The Torah explains that a relationship between a man and a woman is like a fire. There are fires that burn, with the flames destroying everything in their midst and there are the fires that warm, that glow, that illuminate. Sometimes relationships start out very exciting, very intense, and then they taper off. Whereas, when we meet someone that’s actually nice, kind and warm, we find them to be boring and unexciting. Perhaps part of our dilemma is that we are searching for an intense flame and not recognizing that often the intensity is not coming from the right place.
A fire burns its highest when there is a conflict, something working against it. When the wind blows, the fire grows, but only until it is extinguished. In order for the flame to remain constant and not die out, there can’t be wind, or water or anything working against it. This stability may appear to be “boring,” but it is exactly what is seemingly “unexciting” that makes for a long-term relationship. And when the flame is lower, it is that much less likely to be blown out by some wind if wind comes its way.
It is not just symbolic that the relationship of a man and woman is compared to that of fire. More so, in the words in Hebrew for man and woman, both contain the two letters of an aleph and a shin, which make the word esh, which means, “fire.” Yet each word also contains an additional letter, and that is a yud in the word for “man” and a hei in the word for “woman.” These two letters comprise one of the names for Hashem, meaning that fire alone is not enough for a relationship to flourish. It is when there is a Higher Power involved in the relationship that ensures that the fire is one that warms and not burn.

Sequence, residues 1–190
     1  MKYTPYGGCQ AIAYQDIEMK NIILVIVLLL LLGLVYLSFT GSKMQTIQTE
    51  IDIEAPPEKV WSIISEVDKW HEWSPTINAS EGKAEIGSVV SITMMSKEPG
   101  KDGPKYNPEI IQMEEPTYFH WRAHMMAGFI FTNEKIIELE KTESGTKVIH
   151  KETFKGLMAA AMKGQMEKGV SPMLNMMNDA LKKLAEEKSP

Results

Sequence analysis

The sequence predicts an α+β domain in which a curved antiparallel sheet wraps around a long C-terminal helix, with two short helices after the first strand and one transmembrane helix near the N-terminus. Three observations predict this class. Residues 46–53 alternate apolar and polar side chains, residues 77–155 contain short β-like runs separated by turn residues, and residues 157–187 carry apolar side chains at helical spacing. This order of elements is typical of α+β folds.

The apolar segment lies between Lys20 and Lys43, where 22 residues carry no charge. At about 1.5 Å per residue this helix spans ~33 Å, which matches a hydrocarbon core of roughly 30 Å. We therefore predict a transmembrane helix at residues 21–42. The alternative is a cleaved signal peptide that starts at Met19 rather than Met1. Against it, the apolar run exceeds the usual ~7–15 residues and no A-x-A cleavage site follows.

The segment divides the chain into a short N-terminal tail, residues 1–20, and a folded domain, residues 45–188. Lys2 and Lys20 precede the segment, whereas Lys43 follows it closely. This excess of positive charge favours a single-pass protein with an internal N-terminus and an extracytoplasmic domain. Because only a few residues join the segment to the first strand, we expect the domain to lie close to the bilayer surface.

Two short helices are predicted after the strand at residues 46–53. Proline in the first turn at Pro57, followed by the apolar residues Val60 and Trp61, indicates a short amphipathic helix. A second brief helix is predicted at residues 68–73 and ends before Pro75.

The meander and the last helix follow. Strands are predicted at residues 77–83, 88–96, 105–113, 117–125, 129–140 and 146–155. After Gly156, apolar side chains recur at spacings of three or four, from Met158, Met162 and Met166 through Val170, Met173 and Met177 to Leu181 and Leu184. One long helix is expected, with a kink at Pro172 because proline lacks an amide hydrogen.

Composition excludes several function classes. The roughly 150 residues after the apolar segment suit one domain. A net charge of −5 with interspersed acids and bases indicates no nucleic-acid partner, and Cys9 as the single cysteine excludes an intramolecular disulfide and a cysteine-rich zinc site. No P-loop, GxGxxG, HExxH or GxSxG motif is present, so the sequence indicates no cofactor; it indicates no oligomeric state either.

That means that when both partners realize that the relationship is not just about them, but about the other, and with a holy purpose, then it has the ingredients necessary to last. Before we become involved in any relationship, we should take the time to figure out if the person who stands before us is someone we you can see a future with. The here and now is temporary. What is essential is that we look for the component that will attract us to this person in 50 years from now. And while “nice” may not be the most exciting quality, it is certainly one that we want in the person we are looking to spend our life with.
Note: It is however very important to feel an attraction to our mate, and if we do not, if there is anything about them that deters us, we should NOT take the plunge. When partners are not genuinely attracted to one another it affects many other areas of the marriage. Both the man, and the woman, deserve partners who will be happy to look into their eyes, share an intimate moment with, and appreciate them even in the worst of times. If that ingredient is missing, if almost everything our partner does “bothers” us, this is already not a good sign.